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Concept to Reality: Just a good idea isn’t enough

Written by Ashwin Ahuja on Tuesday, 04 May 2021. Posted in Start-up Diaries

Ideas and opinions – fortunately are not a luxury. We all have them, get passionate about them but often they get relegated to the side as we get on with what matters to us in the present.

Concept to Reality: Just a good idea isn’t enough

Ideas and opinions – fortunately are not a luxury.  We all have them, get passionate about them but often they get relegated to the side as we get on with what matters to us in the present.  To avoid this and to evolve ideas into a concept / turn them into reality, not only requires tenacity and clarity but also key actionable tools.  When I established Karma Bites popped lotus seeds, it wasn’t a nascent ambition that I had held for several years, it was borne out of me recognising a transition in consumer awareness around healthy snacking and a gap in what the market offered.  I had grown up snacking on lotus seeds and as it delivered both on health and taste, it proved to be the optimal solution for the tension I set out to address.  

I would love to pontificate around what I did to turn my concept (lotus seeds) into a reality (a brand and a saleable product), but I hadn’t done this before.  My previous work experience was in brand and corporate strategy, where I had taken existing businesses and brands to the next level – there was a tangible foundation to build on.  I didn’t have the first-hand knowledge taking the germ of an idea and turning it into a business.  Now when I look back, I may not have defined the tools that I used, but I did implement certain clear actions, which I have detailed below.  Following methodological procedures, ensures you launch from a firm base – when times are challenging (as they were for several businesses over the past year), you know how to pivot your strategy from this solid foundation and when conditions are thriving in your favour, you know how to realise the potential of opportunities.  I recommend the following 5 steps to turn concept into a sustainable reality:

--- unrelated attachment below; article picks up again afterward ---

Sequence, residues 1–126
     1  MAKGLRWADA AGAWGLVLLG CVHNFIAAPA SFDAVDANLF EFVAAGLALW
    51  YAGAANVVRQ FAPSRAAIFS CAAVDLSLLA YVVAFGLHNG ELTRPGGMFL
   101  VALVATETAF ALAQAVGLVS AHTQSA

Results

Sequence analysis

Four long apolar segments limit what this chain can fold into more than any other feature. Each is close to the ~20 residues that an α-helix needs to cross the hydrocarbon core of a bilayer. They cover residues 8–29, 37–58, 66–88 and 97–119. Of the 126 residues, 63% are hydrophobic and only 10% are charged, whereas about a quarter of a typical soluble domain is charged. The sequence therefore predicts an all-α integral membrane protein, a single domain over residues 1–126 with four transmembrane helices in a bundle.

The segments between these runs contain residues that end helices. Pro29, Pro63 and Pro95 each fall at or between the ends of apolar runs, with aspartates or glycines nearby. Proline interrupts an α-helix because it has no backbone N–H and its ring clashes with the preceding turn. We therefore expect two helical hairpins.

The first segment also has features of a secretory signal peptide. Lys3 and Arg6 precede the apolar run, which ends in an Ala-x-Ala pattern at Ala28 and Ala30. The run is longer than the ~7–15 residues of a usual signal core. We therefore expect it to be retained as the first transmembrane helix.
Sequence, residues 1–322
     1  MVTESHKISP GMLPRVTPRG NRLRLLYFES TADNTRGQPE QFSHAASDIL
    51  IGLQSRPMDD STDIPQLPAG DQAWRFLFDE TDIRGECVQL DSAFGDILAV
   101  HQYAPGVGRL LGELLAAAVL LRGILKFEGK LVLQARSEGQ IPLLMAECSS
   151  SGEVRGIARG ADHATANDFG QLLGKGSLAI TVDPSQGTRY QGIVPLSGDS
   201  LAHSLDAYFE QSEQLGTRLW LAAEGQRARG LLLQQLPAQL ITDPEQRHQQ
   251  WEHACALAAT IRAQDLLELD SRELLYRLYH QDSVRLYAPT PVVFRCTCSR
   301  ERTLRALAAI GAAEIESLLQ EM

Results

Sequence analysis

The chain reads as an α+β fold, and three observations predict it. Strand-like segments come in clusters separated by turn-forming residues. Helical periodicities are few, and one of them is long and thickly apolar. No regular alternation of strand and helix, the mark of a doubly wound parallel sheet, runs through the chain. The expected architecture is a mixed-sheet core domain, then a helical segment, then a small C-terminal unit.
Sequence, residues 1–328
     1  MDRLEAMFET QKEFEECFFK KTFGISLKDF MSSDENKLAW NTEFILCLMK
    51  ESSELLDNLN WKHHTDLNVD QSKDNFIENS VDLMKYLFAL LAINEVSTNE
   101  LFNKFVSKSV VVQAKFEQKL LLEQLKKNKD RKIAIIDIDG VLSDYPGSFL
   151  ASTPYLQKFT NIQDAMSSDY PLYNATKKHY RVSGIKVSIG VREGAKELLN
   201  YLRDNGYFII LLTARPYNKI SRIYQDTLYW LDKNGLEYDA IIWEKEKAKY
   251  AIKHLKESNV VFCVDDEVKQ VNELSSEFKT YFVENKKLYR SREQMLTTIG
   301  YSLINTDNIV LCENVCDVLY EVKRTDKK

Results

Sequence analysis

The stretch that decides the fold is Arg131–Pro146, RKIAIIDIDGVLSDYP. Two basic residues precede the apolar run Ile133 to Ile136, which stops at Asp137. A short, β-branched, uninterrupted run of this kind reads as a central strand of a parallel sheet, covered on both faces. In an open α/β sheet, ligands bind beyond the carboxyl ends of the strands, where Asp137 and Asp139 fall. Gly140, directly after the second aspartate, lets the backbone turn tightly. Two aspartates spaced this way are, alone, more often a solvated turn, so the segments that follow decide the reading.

1. Solve a problem

Ask yourself does your idea for a product or service solve an actual problem.  In my case, I struggled to find a snack that authentically delivered both on taste and health and had ingredients that were simple and pure.  Karma Bites was established to plug this gap.  For example, the Founder of ClassPass – Payal Kadakia was searching for a dance class to take. Frustrated by the experience, an idea was born. Finding a workout shouldn’t be hard, Payal did more than find a dance class — she found millions of classes in everything from aquacycling to bootcamp and brought them all into one app. Now, ClassPass connects you to classes and appointments in 30 countries worldwide and is valued at $1 billion (within 6 years).

2. Research the market